Liposarcoma Treatment & Management

Updated: Mar 23, 2018
  • Author: Robert A Schwartz, MD, MPH; Chief Editor: Dirk M Elston, MD  more...
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Treatment

Medical Care

Liposarcoma has a number of different subtypes (ie, well differentiated, dedifferentiated, myxoid/round cell, pleomorphic), and their response to chemotherapy is not well documented. [29] Thus, the response rates to chemotherapy of the different histological subtypes and overall and progression free survival were investigated; survival according to histological grade was also assessed. This retrospective analysis suggested that myxoid liposarcoma is relatively chemosensitive in comparison to a combination of other liposarcomas, in particular dedifferentiated and well-differentiated tumors.

In the case of well-differentiated liposarcoma, grade provides no incremental information over other histological subtypes in terms of response to therapy. In myxoid/round cell liposarcoma, the presence of a round cell component may be an adverse prognostic sign. Tumor site, a high proliferative fraction noted with MIB-1 labeling, and TP53 missense mutations are also adverse prognostic factors in myxoid/round cell tumors. [30]

For liposarcomas, radiation therapy may be a valuable adjunct to surgery, especially in those of the myxoid variant.

The use of chemotherapy in liposarcomas remains experimental.

Although surgical resection is the mainstay of curative treatment, patients with large high-grade liposarcomas may benefit from multimodality treatment with chemotherapy and radiation. [31]

Treatment of an atypical lipoma using liposuction has been described. [32]

Trabectedin (Yondelis) was approved in November 2015 in the United States for unresectable or metastatic liposarcoma or leiomyosarcoma in patients who have received a prior anthracycline-containing regimen. It is an alkylating drug that binds guanine residues in the minor groove of DNA. Approval was based on a phase 3 trial (n=518) that showed a statistically significant improvement in progression-free survival compared with dacarbazine (4.2 mo vs 1.5 mo; P< .0001). No improvement in overall survival was observed. [33]

In January 2016, eribulin (Halaven), a microtubule inhibitor, [34]  was approved by the US Food and Drug Administration (FDA) for unresectable or metastatic liposarcoma in patients who received a prior anthracycline-containing regimen. The FDA approval is based on the results from the subgroup of 143 patients with liposarcoma. In this subgroup, the results show a 7-month improvement in survival (15.6 months with eribulin compared with 8.4 months with dacarbazine). The median progression-free survival, a secondary endpoint, was 2.9 months with eribulin compared with 1.7 months with dacarbazine. However, eribulin was more toxic than dacarbazine. Treatment-emergent adverse events included neutropenia (44% vs 24%), pyrexia (28% vs 14%), peripheral sensory neuropathy (20% vs 4%), and alopecia (35% vs 3%) for eribulin compared with dacarbazine, respectively. [35]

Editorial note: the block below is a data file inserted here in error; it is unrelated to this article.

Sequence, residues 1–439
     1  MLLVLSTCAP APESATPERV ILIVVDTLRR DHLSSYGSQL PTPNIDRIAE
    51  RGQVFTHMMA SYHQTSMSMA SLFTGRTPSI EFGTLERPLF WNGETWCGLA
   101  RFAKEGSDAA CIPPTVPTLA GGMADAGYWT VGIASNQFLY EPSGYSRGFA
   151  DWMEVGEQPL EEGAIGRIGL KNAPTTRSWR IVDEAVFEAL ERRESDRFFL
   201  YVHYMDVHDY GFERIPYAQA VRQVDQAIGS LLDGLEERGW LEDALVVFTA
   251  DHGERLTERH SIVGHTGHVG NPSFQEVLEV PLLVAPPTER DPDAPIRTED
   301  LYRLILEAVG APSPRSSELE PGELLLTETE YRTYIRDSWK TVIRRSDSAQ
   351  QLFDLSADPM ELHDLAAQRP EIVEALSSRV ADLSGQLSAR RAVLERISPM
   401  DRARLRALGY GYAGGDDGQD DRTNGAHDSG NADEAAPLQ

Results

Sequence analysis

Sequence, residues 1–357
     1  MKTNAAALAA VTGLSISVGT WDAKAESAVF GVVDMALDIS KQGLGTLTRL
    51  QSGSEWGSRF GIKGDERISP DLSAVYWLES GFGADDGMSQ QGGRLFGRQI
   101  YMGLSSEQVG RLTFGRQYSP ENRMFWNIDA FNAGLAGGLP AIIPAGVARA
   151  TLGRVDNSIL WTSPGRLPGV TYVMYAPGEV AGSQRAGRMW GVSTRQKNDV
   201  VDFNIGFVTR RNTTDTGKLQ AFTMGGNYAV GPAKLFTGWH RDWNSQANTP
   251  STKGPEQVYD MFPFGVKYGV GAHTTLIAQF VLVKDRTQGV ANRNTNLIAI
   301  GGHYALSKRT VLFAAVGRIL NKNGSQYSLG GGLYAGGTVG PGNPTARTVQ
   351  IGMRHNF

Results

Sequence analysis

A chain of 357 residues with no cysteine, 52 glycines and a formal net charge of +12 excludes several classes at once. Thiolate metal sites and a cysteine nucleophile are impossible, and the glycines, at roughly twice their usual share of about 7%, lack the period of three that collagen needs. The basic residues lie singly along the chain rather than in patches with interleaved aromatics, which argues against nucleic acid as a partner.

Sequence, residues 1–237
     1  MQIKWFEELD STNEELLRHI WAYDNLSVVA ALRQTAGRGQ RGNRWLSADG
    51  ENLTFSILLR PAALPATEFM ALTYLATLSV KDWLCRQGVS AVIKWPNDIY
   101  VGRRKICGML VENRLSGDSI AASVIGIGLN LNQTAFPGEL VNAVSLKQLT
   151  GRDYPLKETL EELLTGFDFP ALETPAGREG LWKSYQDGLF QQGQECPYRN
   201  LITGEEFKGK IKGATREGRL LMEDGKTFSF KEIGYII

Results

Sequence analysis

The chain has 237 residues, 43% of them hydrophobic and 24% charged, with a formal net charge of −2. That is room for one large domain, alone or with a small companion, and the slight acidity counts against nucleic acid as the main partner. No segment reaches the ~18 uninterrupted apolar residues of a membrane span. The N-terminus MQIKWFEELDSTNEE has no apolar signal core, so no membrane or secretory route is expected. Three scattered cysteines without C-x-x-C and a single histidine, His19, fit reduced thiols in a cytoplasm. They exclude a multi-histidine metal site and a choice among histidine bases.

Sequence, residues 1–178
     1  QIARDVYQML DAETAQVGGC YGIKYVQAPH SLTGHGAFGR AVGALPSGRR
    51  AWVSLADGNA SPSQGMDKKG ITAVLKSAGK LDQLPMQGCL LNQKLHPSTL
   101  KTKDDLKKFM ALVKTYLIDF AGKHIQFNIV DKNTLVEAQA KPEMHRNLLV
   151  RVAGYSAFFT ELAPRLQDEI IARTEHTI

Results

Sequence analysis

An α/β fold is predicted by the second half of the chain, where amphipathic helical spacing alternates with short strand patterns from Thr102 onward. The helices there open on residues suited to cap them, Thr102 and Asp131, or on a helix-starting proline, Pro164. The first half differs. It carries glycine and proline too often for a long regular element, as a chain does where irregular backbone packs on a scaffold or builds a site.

Comprehensive genomic profiling may facilitate targeted therapy for individual liposarcomas in the future. [36]

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Surgical Care

The rationale for wide surgical excision of atypical lipomatous tumors is the prevention of recurrence and dedifferentiation.

Wide and deep surgical excision, along with local radiation and/or chemotherapy, may be necessary for high-grade lesions.

Given the favorable outcome with wide surgical excision alone, regardless of the histologic type of the tumor, some authors believe that adjuvant radiation therapy is unjustified.

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Consultations

Consultation with the following specialists may be warranted:

  • Oncologist: When malignancy is strongly suspected or when previous incisional biopsy reveals liposarcoma, consultation with an oncologist prior to the definitive surgical procedure is recommended.

  • Radiation oncologist: Adjuvant therapy may be indicated in cases in which excision is incomplete. In such cases, consultation with a radiation oncologist is recommended.

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